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Is Tysabri a form of chemotherapy?

Medically reviewed by Carmen Fookes, BPharm. Last updated on Sep 27, 2021.

Official answer

by Drugs.com

Tysabri is not chemotherapy, it is a targeted treatment that works by blocking the migration of lymphocytes (a type of immune cell) from the lymph nodes, across the epithelium, and into inflamed tissue. It binds to a receptor that is present on all leukocytes apart from neutrophils and prevents them from binding to their counter receptors. It may also act in several other ways to prevent the further recruitment and inflammatory activity of activated immune cells. Tysabri belongs to the class of medicines known as integrin receptor antagonists. It may also be called a selective immunosuppressant or a monoclonal antibody.

The way Tysabri works specifically in MS or Crohn's disease is not completely understood. In MS it may be due to a reduction of lymphocyte migration into brain tissue and a reduction in plaque formation. In Crohn's disease, Tysabri blocks the interaction of a particular protein called α4β7 integrin with the endothelial receptor MAdCAM-1. MAdCAM-1 is mainly expressed in gut tissue, and expression of MAdCAM-1 is increased at active sites of inflammation in people with Crohn's disease, and may significantly increase the recruitment of leukocytes to the mucosa.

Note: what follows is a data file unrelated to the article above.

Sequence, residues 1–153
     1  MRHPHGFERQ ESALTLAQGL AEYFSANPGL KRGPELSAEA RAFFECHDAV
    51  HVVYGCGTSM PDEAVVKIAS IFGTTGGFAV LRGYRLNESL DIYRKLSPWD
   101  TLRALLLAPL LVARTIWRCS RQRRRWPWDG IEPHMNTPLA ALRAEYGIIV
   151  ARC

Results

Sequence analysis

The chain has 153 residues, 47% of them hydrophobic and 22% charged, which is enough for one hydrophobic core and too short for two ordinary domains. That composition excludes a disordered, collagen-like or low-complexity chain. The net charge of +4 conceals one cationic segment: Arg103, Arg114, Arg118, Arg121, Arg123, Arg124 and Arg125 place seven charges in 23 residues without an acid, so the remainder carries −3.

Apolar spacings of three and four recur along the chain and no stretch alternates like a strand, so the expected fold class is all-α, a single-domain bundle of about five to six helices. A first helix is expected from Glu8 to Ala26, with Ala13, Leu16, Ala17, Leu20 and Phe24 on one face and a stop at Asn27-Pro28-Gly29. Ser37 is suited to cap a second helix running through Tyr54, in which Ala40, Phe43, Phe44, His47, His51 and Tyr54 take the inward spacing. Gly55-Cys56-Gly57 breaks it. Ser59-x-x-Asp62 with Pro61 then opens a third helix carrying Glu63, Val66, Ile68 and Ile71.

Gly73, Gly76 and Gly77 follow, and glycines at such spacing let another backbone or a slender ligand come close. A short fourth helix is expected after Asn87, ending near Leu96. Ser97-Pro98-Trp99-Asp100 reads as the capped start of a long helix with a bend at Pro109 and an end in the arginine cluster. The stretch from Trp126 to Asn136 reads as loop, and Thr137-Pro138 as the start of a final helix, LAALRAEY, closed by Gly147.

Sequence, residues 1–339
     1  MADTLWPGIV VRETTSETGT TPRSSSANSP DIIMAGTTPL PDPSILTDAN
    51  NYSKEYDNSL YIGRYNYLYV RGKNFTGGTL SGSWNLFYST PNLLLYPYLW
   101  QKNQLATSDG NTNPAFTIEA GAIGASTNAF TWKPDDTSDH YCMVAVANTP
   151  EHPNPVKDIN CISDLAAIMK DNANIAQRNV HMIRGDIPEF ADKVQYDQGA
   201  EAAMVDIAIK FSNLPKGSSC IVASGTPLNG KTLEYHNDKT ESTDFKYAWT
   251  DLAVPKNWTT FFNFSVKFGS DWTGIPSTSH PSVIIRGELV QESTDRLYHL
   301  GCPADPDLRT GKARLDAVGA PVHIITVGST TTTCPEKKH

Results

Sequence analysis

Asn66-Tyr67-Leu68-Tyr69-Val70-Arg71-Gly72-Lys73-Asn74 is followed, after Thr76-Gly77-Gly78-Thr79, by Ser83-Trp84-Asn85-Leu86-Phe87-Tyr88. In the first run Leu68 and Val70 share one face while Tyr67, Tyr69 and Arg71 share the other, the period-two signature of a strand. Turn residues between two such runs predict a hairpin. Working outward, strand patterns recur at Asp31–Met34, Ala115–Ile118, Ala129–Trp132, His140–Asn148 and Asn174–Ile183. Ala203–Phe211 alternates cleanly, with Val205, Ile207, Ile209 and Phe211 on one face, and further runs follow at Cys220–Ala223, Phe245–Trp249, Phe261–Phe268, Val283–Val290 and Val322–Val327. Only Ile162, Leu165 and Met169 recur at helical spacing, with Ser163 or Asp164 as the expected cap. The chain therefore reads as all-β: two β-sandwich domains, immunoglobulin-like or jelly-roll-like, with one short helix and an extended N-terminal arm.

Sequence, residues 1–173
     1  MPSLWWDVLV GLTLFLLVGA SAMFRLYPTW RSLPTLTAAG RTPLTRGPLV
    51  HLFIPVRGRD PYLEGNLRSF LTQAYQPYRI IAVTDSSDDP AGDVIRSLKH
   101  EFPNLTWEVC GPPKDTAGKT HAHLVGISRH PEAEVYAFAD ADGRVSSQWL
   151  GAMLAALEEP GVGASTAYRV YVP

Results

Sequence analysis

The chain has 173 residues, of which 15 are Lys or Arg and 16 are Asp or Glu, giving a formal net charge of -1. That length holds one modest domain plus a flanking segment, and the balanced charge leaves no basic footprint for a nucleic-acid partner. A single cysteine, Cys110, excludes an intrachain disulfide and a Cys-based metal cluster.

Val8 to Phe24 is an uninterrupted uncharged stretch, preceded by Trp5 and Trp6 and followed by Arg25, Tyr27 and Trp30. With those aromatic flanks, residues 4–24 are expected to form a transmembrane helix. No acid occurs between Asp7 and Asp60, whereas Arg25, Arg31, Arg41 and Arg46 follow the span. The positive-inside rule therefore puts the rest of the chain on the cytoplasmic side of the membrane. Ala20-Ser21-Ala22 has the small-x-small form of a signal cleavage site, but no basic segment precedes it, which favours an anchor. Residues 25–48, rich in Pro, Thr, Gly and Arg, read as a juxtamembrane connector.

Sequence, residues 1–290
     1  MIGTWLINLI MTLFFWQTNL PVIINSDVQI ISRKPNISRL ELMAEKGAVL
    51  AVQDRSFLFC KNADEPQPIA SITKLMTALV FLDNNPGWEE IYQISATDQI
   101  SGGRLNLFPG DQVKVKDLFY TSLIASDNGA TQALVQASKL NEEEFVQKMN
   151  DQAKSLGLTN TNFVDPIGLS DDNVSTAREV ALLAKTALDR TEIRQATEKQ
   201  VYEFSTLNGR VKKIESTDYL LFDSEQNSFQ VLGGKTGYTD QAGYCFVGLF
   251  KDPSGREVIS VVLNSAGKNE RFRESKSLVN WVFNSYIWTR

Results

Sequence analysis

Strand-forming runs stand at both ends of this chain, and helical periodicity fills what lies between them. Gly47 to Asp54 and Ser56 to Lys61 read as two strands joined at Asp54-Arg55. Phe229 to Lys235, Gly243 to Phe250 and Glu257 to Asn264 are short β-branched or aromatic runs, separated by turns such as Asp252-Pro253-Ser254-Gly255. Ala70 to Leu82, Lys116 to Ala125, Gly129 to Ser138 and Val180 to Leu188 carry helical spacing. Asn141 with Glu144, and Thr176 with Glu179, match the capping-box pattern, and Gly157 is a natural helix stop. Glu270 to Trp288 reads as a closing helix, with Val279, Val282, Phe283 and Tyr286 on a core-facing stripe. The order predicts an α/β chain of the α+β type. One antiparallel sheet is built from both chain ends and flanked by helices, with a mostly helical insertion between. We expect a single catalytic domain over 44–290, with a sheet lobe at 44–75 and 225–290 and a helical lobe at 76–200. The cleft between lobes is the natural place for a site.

Tysabri (natalizumab) may be used to treat adults with multiple sclerosis or Crohn's disease and is given once every four weeks by a registered infusion center or pharmacy that is enrolled in the Touch Prescribing program. A headache, fatigue, joint pain, and infections are the most common side effects reported although rarely, it may cause more serious side effects such as liver failure, severe herpes infections, or PML. It may not be suitable for people who already have a weakened immune system.

References
  • Tysabri injection (natalizumab). Updated 06/2020. Biogen Inc. https://www.drugs.com/pro/tysabri.html#s-34090-1
  • TYSABRI clinical trial results 2021. https://www.tysabri.com/en_us/home/about/long-term-study.html
  • Hutchinson M. Natalizumab: A new treatment for relapsing remitting multiple sclerosis. Ther Clin Risk Manag. 2007;3(2):259-268. doi:10.2147/tcrm.2007.3.2.259

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